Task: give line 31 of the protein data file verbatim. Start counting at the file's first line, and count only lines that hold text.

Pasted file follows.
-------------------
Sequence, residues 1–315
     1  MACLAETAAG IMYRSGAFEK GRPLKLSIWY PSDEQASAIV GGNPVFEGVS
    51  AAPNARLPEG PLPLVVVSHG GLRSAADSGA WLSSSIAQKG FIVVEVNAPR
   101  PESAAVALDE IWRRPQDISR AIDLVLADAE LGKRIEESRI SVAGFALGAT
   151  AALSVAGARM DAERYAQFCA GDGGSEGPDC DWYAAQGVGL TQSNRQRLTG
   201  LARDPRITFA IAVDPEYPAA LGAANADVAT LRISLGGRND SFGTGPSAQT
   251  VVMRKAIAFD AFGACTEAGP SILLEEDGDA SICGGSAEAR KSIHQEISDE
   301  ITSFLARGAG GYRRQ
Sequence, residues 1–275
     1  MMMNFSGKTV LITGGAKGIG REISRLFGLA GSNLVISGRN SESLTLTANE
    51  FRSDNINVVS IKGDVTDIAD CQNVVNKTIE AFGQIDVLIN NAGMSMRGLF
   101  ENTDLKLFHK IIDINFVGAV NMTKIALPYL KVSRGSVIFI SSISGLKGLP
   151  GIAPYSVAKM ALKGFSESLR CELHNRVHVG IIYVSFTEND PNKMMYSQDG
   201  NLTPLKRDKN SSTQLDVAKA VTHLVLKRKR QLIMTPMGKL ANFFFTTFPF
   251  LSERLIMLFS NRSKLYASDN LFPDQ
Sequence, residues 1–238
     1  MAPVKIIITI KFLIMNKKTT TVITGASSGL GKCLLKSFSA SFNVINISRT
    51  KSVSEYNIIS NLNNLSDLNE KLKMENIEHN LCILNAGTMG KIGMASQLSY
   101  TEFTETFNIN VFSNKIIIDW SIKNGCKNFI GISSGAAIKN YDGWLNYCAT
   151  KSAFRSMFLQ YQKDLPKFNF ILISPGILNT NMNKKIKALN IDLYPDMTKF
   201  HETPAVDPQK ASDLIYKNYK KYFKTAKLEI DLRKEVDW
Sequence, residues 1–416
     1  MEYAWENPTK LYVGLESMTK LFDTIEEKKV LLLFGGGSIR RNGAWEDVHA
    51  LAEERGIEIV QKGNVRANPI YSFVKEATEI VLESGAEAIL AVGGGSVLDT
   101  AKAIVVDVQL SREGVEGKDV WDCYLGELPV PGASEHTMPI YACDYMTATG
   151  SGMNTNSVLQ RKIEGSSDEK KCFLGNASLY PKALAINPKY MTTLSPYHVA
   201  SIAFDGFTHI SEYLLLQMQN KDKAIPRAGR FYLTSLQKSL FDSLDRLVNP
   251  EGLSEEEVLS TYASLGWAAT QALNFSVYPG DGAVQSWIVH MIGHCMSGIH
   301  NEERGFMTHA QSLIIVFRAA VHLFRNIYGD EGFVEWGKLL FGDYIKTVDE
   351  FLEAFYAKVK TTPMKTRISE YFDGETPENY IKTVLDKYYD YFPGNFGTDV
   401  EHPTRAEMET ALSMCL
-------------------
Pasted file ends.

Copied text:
   401  EHPTRAEMET ALSMCL